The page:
We went to the library and Aldi.
How many times have I taken Rosie to the library and Aldi?
I took her as an infant, in her carseat, when someone I know from the university drove. I hadn’t yet figured out the small, limited bus routes in Steubenville, so it was the first time I’d gone to a non-university library in years. It was a little piece of normalcy in a world of ugliness. I set her down for tummy time on the children’s section rug.
For me, the library was a safe place to have a good cry, when we were so poor that our apartment wasn’t safe at all, and I had nowhere to go and a bad case of post-partum depression that lingered far too long and mingled with my PTSD.
When Rosie was a toddler I dared to take her on the bus. Some of the seats have a carseat strap embedded in the cushions behind the regular seat. She was unused to traveling in a vehicle at all, back then; she kept looking out the window and then up at me in absolute astonishment at every start and stop: “Bus? Bus! Bus! Bus!” and when she got to the library, it might as well have been a carnival. There were toy cars to play with on a table decorated to look like a city map. There were board books she was allowed to put into stacks. There were coloring sheets to scribble on.
We got into a habit of getting up early one morning a week and walking to the bus stop to go to the library for “Tot Time:” a mini preschool session for the littlest children. She’d play with the toy cars until Miss Misty the children’s librarian rang her bell; then she’d toddle to the multipurpose room to get a sticker and a name tag. She sat on my lap listening to picture books, then they played a game involving colors and a flannel board, and then they sang their ABC’s and “Row, Row, Row Your Boat” and did a very simple craft. Then we’d check out library books for the week. After that, we would always walk across the street to shop at Aldi, the cheap and efficient discount grocery store, with our EBT card and then drag the heavy grocery bags home on the bus.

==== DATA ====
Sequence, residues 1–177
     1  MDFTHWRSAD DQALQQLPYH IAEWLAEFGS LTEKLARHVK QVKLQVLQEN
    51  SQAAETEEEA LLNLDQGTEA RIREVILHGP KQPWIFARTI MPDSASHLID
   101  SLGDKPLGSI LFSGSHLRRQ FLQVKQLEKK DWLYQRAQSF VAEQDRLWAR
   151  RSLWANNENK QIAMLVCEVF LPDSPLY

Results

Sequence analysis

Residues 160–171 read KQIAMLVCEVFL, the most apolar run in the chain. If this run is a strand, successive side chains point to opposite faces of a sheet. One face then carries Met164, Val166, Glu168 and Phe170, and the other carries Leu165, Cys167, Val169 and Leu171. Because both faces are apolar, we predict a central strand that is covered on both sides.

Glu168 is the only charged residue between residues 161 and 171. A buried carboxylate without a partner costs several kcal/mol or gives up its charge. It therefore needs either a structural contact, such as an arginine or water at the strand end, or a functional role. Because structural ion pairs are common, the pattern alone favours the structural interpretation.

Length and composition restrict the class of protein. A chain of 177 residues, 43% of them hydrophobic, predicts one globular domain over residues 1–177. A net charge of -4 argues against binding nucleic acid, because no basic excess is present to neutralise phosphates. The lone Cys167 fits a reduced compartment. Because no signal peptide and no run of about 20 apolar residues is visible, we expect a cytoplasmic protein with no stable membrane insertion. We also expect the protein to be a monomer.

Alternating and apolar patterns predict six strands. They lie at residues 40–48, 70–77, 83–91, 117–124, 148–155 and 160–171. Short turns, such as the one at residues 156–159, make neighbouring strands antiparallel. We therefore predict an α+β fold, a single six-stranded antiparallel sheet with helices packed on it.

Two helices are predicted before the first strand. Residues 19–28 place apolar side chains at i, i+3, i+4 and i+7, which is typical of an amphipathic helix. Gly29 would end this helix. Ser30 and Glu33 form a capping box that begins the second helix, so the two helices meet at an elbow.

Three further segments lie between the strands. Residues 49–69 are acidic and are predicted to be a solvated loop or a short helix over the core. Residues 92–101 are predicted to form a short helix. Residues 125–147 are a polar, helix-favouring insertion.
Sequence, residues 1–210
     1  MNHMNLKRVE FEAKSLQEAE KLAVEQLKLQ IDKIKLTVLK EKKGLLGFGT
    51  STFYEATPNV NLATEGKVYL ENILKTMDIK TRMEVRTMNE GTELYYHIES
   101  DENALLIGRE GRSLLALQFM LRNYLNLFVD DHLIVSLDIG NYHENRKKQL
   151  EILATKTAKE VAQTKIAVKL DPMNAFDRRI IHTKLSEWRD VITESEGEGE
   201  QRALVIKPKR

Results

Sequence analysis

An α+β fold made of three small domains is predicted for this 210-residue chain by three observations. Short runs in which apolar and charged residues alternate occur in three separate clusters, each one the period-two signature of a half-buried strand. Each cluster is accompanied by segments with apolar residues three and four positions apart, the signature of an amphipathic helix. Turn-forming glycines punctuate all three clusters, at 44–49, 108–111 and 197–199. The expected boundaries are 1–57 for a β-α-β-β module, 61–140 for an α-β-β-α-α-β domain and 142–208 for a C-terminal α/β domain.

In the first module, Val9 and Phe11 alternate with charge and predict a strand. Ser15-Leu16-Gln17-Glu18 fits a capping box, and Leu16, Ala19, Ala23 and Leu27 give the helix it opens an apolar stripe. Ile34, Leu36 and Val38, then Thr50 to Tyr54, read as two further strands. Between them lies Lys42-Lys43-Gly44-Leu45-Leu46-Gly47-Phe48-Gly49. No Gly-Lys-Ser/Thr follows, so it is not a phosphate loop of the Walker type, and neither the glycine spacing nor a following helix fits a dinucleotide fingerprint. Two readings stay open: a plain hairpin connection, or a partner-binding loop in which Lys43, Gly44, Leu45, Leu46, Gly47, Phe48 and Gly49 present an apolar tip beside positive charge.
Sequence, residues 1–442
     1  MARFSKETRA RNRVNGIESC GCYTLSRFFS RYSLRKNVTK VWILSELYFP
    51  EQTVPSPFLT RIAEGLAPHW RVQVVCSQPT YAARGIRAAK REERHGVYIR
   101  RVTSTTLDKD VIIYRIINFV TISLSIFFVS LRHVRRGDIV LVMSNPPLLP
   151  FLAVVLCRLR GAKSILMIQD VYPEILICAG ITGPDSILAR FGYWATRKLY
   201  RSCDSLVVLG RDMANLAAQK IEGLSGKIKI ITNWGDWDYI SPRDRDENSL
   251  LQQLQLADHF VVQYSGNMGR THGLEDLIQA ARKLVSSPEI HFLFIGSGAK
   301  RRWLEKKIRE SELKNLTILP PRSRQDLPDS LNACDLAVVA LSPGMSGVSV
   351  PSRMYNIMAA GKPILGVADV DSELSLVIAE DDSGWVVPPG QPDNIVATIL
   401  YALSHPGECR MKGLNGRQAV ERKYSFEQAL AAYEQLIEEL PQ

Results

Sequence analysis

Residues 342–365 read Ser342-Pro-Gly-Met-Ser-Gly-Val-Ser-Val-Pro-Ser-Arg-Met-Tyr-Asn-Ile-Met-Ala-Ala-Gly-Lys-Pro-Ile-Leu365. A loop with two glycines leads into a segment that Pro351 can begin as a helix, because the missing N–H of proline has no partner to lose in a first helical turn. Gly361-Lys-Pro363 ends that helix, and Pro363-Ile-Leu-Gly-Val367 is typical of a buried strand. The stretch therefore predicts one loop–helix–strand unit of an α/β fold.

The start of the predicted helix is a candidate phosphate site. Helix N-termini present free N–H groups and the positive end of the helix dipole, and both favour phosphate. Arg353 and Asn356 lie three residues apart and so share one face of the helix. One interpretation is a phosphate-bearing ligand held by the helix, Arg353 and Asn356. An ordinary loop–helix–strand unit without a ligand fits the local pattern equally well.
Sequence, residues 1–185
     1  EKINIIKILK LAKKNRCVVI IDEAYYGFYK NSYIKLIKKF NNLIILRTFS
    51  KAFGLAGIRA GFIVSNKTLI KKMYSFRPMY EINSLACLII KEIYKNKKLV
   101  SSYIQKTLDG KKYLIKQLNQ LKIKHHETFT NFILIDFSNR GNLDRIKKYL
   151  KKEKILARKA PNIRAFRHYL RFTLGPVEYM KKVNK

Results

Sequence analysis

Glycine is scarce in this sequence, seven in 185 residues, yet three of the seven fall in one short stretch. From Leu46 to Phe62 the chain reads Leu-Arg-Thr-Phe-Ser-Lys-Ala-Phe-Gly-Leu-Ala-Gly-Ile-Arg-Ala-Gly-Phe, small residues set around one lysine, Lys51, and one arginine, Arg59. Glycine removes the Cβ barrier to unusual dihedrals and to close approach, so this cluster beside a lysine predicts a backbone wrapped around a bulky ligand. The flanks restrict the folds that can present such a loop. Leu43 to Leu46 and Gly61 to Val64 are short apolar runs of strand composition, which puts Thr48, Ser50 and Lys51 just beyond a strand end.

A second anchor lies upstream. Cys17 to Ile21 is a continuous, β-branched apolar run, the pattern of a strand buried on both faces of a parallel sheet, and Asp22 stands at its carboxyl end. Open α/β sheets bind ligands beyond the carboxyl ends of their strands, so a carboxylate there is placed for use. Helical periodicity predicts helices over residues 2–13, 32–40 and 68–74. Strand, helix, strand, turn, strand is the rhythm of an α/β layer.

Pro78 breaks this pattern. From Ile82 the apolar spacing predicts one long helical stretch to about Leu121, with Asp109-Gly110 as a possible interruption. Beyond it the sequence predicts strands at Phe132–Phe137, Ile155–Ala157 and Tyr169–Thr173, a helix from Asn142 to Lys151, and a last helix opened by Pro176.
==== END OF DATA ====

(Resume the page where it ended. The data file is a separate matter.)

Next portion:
This was a routine Rosie knew very well; she called it “tah time.” She’d ask me “Library Yaldi, Mommy?” when she wanted to get out of the house. When it was sunny she’d ask to go to the pool or the park: “Bool? Pock?” and when it was cloudy or cold, she’d ask for the Library and Aldi. I don’t think she thought they were two different establishments, but two different amusements at the same trip.
Aldi is one of those stores where you pay a quarter to use a cart and you have to bag your own groceries. It keeps the prices down, so I can’t complain. I would give Rosie a picture book from the stack I’d just gotten at the library, and she’d browse through it in her seat in the cart as I shopped; then I’d set Rosie on the bagging table while I worked and give her a marshmallow or a strawberry for each hand.